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MOVIE REVIEW

This new 'Chainsaw' doesn't cut it

In the generic new remake of "The Texas Chainsaw Massacre," five kids -- two girls, three boys -- hop into a '70s-era van and head to Dallas for a Lynyrd Skynyrd show. On the way, they stop to pick up a traumatized stranger, who promptly shoots herself in the head. With time still to make the show, the kids try to find a telephone so they can alert the authorities, only to wind up running (although jogging is what it looks like) for their lives from a houseful of maniac hillbillies. As the eviscerations ensue, the truth becomes undeniable: This is easily the most gruesome, most pointless, episode of "Scooby Doo" ever.

The violence in the 1974 original came from a place it hadn't previously: out of nowhere. Directed and co-written by Tobe Hooper and based on a true story, "The Texas Chainsaw Massacre" was a novelty picture that spawned the slasher industry. Hooper's movie had the lo-fi, no-budget immediacy of a nightmare documentary. Leatherface's mercilessness held an ineffable real-world ghastliness, and the random terribleness of it all evoked the Manson family massacre. Its very amateurism contributed to its memorable thrall: Even the photographer seemed imperiled.

With its psycho "Leatherface" Hawkins (Andrew Bryniarski), the new version departs from the original but remains indistinguishable from "Urban Legends: Final Cut" or "Jeeper Creepers 2," browsing the same retail outlet that every other slasher flick has for 15 years. A sky tinted the color doom? Check. A filthy, dilapidated manor full of unwashed freaks and pet pigs? Check. Severed baby-doll heads strategically placed by the industrial sewing machine? Check. Editing that cuts faster than the killers? Check. The sinking feeling that what you're watching is one long tribute to both a Nine Inch Nails video collection and David Fincher's "Seven"? Check.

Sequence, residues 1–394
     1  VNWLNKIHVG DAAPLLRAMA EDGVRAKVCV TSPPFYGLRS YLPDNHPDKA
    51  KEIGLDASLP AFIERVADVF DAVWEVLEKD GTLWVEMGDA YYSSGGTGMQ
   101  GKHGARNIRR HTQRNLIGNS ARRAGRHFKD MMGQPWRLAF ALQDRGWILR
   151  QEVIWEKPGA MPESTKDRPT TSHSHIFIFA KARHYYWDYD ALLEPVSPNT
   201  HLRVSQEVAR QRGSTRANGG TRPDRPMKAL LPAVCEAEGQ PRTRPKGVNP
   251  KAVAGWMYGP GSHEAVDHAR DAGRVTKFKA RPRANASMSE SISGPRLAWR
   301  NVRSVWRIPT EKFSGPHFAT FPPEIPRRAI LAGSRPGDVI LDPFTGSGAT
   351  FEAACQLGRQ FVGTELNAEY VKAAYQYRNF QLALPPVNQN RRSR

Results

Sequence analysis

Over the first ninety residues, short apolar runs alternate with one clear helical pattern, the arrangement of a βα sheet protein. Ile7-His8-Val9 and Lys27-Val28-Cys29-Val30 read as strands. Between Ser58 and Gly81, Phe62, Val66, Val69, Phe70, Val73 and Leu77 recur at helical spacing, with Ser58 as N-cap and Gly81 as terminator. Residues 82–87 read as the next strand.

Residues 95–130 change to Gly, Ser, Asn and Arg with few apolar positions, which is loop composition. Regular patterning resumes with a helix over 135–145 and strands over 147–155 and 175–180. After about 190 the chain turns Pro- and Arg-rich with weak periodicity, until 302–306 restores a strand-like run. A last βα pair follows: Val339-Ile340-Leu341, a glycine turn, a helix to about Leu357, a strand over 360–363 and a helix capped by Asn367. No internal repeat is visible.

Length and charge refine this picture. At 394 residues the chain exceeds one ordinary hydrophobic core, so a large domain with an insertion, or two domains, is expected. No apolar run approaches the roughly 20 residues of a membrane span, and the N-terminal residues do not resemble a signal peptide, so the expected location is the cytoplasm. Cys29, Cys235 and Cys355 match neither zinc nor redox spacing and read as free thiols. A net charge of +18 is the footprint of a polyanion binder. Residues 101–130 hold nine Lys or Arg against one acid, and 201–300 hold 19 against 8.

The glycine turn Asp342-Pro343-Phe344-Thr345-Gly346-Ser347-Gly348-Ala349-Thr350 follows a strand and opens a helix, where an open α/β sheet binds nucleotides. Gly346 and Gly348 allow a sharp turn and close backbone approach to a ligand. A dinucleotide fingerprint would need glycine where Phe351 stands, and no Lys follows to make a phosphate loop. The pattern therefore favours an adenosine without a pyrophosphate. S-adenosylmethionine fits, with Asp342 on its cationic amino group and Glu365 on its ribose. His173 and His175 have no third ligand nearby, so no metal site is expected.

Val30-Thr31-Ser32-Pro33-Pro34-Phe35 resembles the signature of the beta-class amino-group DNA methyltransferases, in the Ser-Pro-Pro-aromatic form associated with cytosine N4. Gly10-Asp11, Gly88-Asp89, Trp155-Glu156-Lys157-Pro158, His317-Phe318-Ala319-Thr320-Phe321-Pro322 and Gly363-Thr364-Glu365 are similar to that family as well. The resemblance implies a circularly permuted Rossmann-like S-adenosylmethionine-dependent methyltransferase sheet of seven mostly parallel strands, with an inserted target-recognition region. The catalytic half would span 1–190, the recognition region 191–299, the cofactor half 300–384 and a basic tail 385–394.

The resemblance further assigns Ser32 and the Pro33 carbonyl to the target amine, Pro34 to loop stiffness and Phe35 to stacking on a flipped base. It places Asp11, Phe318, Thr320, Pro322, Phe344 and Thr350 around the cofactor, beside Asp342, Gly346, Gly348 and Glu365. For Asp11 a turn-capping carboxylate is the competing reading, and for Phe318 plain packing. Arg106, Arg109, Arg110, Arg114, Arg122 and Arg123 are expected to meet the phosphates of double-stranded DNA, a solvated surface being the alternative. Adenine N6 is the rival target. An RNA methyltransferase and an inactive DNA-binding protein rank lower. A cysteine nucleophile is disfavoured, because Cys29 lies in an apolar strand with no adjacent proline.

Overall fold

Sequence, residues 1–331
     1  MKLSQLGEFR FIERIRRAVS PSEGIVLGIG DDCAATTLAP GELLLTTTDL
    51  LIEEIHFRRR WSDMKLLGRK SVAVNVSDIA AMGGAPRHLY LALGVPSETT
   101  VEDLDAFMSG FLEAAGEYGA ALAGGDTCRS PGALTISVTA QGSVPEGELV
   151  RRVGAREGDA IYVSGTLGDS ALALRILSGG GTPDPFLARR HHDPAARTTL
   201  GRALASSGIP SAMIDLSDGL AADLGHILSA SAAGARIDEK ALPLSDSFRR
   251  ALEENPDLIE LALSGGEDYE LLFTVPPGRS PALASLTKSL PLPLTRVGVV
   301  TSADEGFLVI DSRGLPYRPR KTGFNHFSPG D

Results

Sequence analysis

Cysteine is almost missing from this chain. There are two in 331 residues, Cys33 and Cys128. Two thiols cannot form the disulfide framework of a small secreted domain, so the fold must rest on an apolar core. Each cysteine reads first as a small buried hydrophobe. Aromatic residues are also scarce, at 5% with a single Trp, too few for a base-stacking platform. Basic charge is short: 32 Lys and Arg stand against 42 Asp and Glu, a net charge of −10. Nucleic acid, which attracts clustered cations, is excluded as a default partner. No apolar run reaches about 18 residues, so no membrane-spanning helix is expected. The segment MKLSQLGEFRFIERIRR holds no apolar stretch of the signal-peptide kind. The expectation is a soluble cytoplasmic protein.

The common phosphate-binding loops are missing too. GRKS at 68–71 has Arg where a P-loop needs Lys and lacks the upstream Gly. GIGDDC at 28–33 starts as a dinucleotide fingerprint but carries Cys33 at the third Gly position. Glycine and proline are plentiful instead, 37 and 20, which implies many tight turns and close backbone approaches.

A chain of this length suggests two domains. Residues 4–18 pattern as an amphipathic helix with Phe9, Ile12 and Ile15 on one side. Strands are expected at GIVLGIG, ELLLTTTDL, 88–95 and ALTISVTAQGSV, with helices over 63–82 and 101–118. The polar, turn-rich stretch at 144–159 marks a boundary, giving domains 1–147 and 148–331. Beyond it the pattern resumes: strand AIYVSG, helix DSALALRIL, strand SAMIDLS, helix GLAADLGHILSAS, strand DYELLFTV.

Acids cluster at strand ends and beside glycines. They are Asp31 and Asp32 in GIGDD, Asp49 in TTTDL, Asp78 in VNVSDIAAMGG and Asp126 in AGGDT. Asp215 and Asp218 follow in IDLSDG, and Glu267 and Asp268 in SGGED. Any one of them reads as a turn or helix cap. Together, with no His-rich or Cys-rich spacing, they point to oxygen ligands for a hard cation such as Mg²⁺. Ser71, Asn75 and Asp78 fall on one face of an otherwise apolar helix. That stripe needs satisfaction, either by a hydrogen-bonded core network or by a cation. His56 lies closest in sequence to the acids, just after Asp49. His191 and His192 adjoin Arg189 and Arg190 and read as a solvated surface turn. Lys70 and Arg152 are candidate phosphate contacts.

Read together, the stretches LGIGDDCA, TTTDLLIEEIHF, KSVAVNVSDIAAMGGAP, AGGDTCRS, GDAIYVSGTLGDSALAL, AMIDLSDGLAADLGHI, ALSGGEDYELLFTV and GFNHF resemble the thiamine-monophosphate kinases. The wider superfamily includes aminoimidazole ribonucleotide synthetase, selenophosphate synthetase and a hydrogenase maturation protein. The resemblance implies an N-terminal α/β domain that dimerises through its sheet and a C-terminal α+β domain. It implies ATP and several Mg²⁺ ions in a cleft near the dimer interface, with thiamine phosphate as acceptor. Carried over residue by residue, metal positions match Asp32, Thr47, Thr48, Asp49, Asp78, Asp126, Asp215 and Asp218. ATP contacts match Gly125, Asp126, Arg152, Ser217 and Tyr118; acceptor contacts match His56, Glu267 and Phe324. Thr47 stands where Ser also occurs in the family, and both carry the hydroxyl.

The cinematography of "Texas Chainsaw" 2003 paints a grimmer, digitally enhanced picture. The director is the music-video artist Marcus Nispel (whose extensive resume includes multiple clips for Crystal Waters and Wet Wet Wet). For his first feature, Nispel does a serviceable but bland job of holding your interest, but the result is an overproduced headache. To the remake's credit, it doesn't stint on the gore, but style sometimes literally obscures terror: Try to follow that deadly chase through a field of undulating bed linens, the one that slows down only to catch the weapon whack the limb.

The new version offers a few scenes of irritation, mostly in the person of R. Lee Ermey (best known as the sadistic drill sergeant in Stanley Kubrick's "Full Metal Jacket"), who plays the sadistic sheriff. He hails from the killer Hawkins clan, and from the mouth on him, "Klan" wouldn't be much of a stretch. While writer Scott Kosar has only a vague grasp of what made the original terrifying, John Larroquette's narration sets a legitimately chilling tone.

The film does remain true to its source material's wish to turn into a fevered hunt picture. Morgan, Pepper, Andy, and Kemper (Jonathan Tucker, Erica Leerhsen, Mike Vogel, and Eric Balfour) are snatched and slaughtered relatively quickly, meaning the last 25 minutes are Erin's for the screaming. Played by "7th Heaven" daughter Jessica Biel, Erin hot-wires cars and flees Leatherface in a wet tank top and low-cut jeans.

She's what Carol J. Clover, in her enjoyable 1992 horror appraisal "Men, Women, and Chainsaws," calls the "final girl." You root for Erin, only to wonder why. She stands for nothing greater than the escape of a young TV actress from her insane foe. Should she succeed, there'd be nothing unique about her achievement -- just the triumph of a good Skynyrd fan over a greater backwoods evil.

The Texas Chainsaw Massacre

**

Wesley Morris can be reached at wmorris@globe.com.

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